Micah Parkin

Micah Parkin

In the 14 years since my family moved to Colorado, our state’s air quality problems have gone from bad to worse. More fracking for oil and gas, more fossil fuel combustion, and more wildfires as the planet overheats and our region dries out literally adds fuel to the fire. Each wildfire season breaks new records. 

Also read: POINT | Thank the eco-fringe for forest infernos

Two years ago, my father-in-law died of a heart attack on a particularly bad air day during his visit here to Colorado. Last week I was truly fearful for the health of my parents who were visiting while the Denver metro region had the distinction of the worst air quality on the planet. My mom, who has lung problems, had to remain indoors and still had trouble breathing. Even my teenage daughter has asthma that doctors say is likely due to the poor air quality. 

This is a common story for many of us who live along the Front Range. Poor air quality in Colorado is so persistent that we just broke our own record with more than 53 air quality action days since May 1.

Who is responsible for Colorado’s bad air quality? 

If you read the Air Quality Alerts or see one of CDOT’s road signs, you might blame yourself. Information from CDPHE encourages individuals to limit driving and not to mow their lawns. Blaming individuals is a tactic coined by the fossil fuel industry. They gaslight people into carrying the burden of this crisis while entrenching our society in policies and products that make it near impossible to live a zero-emission lifestyle. 

The real source of the air quality problem: fossil fuel companies and the politicians and regulators who yield to their demands to maintain the status quo.  

While we all have a role to play, these are big systemic problems that require big systemic solutions. Placing the blame and responsibility of our poor air quality and climate crisis on individual Coloradans ignores the fact that the majority of pollution comes from a small number of big polluters.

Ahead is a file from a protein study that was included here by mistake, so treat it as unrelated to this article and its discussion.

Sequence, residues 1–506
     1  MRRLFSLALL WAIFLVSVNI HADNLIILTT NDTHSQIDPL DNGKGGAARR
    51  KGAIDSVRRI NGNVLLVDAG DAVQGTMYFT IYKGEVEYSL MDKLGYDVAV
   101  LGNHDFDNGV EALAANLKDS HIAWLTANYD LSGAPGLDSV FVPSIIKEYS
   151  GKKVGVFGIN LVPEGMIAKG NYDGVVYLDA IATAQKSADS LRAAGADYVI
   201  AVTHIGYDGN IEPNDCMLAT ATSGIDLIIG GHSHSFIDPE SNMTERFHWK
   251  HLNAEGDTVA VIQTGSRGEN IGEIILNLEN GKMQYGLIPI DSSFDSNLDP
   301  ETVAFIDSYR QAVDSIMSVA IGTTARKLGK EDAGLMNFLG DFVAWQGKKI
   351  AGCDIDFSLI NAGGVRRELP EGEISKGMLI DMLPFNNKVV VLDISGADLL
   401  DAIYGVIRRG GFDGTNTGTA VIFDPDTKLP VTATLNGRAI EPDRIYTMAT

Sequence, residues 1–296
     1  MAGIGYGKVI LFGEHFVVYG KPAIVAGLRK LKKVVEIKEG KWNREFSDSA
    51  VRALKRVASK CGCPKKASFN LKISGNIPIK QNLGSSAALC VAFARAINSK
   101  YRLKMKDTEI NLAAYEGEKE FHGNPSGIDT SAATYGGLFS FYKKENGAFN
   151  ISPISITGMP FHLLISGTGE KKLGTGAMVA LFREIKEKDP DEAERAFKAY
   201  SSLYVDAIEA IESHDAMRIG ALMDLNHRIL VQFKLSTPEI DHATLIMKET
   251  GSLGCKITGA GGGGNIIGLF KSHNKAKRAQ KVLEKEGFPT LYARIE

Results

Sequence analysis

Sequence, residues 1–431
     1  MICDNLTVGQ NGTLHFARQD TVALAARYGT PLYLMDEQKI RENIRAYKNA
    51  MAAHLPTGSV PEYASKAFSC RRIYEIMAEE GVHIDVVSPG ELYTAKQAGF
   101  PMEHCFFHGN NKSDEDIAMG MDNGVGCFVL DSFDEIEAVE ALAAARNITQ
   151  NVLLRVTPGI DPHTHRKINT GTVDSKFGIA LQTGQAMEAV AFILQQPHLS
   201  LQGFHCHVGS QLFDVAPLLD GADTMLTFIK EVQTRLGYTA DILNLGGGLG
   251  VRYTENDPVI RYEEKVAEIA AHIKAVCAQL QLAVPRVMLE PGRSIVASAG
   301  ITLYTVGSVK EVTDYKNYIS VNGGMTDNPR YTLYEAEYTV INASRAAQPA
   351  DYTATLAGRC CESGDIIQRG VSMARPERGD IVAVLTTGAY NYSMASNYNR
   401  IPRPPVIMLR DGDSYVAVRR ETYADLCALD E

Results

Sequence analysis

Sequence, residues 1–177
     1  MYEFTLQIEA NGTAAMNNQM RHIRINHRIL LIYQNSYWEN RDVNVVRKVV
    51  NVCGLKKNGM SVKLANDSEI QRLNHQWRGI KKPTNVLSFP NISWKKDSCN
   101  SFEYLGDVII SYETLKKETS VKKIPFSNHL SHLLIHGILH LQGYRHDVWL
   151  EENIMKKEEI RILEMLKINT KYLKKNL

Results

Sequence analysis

For example, just 119 polluters emit 36% of statewide emissions. Colorado is home to more than 53,000 active oil and gas wells and tens of thousands more that are abandoned or non-producing. Emissions from these wells account for a staggering 45% of total VOCs emissions, 22% of nitrogen oxides emissions and 12% of greenhouse gas emissions. The foul-smelling Suncor oil refinery in Commerce City regularly exceeds pollution limits, contributing significant heat-trapping emissions and toxic pollution to the nearby most polluted zip code in the United States - 80216.

Fossil fuel companies have known for decades about their toxic pollution and the worsening climate crisis, which is burning the west and blanketing us in smoke. They have chosen to use their wealth to sow doubt and confuse the public about the science and to influence corrupt politicians to prevent passage of laws and rules that would hurt their bottom line. 

In May, the International Energy Agency released a landmark report stating, “there is no need for investment in new fossil fuel supply in our net zero pathway.” Despite this news, Colorado still plans to increase fracked oil production by 86% in the next decade and allow polluters like Suncor to conduct business as usual; putting Colorado only track to reduce its emissions 3.4% by 2030, a far cry from Colorado’s goal of 50% by 2030. 

The truth is we will only fix our air quality problem and the climate crisis if we transition off fossil fuels. The IPCC’s recent 6th Assessment says the window to keep temperature rise under 1.5C and prevent the worst is closing.

So, if you are asking yourself who is responsible for Colorado’s bad air quality, look to our elected leaders and regulators who continue to turn a blind eye to this reality and the industries that put profit over people and planet. Then demand change.

Micah Parkin is a mother of two and a founder and executive director of 350 Colorado, a statewide organization of over 20,000 Coloradans working to address the climate crisis and transition to a sustainable future.

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